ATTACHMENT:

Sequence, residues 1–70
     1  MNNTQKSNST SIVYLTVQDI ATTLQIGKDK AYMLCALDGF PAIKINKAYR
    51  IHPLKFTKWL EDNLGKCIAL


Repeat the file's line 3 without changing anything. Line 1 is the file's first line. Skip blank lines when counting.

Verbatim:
    51  IHPLKFTKWL EDNLGKCIAL